"I am the mind."

"How long have you been here? Are you a caretaker? Why have I never seen you before?"

The Mind gave another dry laugh, "I was told you were curious. That's good. It will serve you well. I have been here for many years, in this room. I feed and water and relieve myself through tubes that are attached to Iris. I have no reason to leave, so I do not. And I do not consider myself one of those you call caretakers, but I suppose in a way, I am."

The light was better now. Shella could see the Mind; they sat cross-legged, dressed in a faded yellow jumpsuit that looked like it used to be skintight. Their gender was impossible to discern, as was their age. They had no hair, like the caretakers, though they were much older than any caretaker Shella had ever seen, even those who had died and been given to the Sun. Their back was as straight as that of any chair, and their hands were tucked into a large, smooth ovoid that rested on their legs. 

"What is that?" Shella pointed to the ovoid. 

"Iris, writ small. It is the mechanism by which I guide Iris." 

Shella felt cold suddenly, and wrapped her arms around herself, wishing she could go back to where her cocoon hung; half-spun, but warm and inviting. 

"What do you want from me?" Shella asked, voice tremulous. 

"Your service. I am nearing death, I will not suffice."

Shella backed up until she was pressed against the star-filled expanse. The door was on the other side of the room, and beyond it, who knows what the caretakers might do? 

"Why me?" she croaked, words clumsy, voice awkward. Could she truly be pressed into a life between these three walls, guiding Iris through the void as countless others must have done since they left Earth generations ago? Would she be doomed to cold steel instead of the warmth of her cocoon, which would let her sleep a dreamless sleep until they reached the promised land? "I was told I was not to be a caretaker, and to begin spinning my cocoon. I was told -"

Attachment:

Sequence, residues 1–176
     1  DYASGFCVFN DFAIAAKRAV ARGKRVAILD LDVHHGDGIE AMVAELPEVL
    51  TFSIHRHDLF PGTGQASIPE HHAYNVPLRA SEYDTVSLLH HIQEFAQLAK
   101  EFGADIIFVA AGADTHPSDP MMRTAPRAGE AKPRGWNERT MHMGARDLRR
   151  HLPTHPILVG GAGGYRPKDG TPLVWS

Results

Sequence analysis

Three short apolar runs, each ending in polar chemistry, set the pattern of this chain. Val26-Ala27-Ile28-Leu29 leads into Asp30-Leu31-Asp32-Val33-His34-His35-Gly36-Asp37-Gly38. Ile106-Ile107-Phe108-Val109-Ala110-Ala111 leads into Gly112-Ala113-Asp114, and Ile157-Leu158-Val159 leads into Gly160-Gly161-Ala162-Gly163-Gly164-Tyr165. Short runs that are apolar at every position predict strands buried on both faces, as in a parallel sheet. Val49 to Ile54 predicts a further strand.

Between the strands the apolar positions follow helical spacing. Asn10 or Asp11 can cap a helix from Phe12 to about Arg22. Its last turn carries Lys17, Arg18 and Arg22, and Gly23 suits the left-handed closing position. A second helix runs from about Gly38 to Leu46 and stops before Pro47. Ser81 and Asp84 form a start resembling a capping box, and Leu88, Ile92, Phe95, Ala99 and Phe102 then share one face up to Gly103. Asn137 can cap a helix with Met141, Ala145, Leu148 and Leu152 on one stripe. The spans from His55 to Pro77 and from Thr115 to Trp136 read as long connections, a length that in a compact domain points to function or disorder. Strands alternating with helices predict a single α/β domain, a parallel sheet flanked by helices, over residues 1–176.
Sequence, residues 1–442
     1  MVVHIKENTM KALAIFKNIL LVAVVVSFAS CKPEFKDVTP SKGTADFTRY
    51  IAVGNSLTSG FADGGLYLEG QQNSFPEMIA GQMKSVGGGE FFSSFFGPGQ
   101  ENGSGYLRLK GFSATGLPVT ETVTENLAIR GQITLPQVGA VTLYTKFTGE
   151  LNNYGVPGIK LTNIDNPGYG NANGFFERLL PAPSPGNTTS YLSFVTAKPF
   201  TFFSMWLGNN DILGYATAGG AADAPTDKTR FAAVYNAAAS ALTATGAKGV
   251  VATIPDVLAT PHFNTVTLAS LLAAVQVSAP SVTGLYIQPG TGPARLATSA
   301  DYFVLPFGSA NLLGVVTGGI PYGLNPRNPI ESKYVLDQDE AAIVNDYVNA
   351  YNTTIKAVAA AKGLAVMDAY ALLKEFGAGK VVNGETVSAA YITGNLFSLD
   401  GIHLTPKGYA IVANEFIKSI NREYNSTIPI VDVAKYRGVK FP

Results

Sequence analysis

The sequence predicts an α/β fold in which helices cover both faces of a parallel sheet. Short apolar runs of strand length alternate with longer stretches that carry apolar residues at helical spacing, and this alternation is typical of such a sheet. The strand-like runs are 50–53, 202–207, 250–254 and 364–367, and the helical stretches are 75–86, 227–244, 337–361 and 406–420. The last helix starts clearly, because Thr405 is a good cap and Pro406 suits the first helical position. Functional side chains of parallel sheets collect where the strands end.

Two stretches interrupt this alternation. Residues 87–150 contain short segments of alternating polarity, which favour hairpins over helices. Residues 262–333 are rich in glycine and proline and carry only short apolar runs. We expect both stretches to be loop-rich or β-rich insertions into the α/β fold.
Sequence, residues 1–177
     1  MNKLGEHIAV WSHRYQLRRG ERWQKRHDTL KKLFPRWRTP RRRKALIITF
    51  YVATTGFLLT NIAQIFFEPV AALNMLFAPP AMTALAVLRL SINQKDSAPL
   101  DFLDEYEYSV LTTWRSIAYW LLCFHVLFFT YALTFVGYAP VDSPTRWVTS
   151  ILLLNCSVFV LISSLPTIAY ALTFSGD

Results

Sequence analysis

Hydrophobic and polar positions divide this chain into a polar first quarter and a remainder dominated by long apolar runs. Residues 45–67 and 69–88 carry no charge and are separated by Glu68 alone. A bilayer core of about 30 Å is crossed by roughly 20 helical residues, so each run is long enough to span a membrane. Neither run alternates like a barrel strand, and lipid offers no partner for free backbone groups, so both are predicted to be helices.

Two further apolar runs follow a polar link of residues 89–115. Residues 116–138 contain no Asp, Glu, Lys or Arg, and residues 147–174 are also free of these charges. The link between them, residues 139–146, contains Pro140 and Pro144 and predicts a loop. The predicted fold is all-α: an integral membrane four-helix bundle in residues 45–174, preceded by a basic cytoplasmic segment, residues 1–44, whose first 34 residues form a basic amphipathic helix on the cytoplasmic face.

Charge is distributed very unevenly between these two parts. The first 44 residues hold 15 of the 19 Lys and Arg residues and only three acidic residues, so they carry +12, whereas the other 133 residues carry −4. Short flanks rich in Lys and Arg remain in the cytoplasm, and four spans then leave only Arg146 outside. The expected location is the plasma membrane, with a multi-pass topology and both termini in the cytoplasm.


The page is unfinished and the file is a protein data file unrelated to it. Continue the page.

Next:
"Your cocoon is unnecessary," the Mind's voice was not unkind, but held no room for argument, "Iris requires your service, caretaker or not. You were chosen because you are intelligent, and strong, and self-sufficient, and you are old enough to survive on your own, though not old enough to have finished and entered your cocoon."

Shella did not feel strong. A lump had formed in her throat and her heart beat rapid in her chest. 

"I don't want to," she whispered, unsure if the Mind could hear her. 

"Why?" asked the Mind, shock apparent in the word. 

"I-I can't."

"Why?" they asked again. 

Shella found her voice, "I don't want to be trapped. Please. Don't make me."

"Trapped? You will not be trapped. You will have a freedom undreamed of by any of us since the birth of Iris."

"No," Shella shook her head as though it might will the very thought away, "No. I will not replace you. I will not!"

There was silence. 

Then, a moment where everything shifted, and Shella felt like her organs were spinning inside her. 

"Look behind you," said the Mind. 

Shella was unwilling to turn her back on the Mind; though they had not moved anything except their lips, she felt as though at any moment they might rise. 

"Look behind you," they urged. 

Shella turned. 

The stars remained, but a great sphere now marred the field. It was mottled green and blue and white. It was beautiful. It was terrifying. 

"I don't know how long it has been since we left Earth, or how far we have gone. I replaced the previous pilot when he died, as he replaced the one before him, and on and on, as we built more and more layers onto Iris and more and more people wove cocoons and filled every room. The time would be ripe for me to find my own replacement, but I found you instead, because I at last found our way here. You will be the first to leave Iris. You are to find out if the planet is all that was promised, so much time and distance ago. You will be the one to see if our journey is truly at an end."

Shella could not say anything. She just stared at the planet, drinking it in with her eyes like it was air itself. 

"Go and see," said the Mind. 

And then they said no more.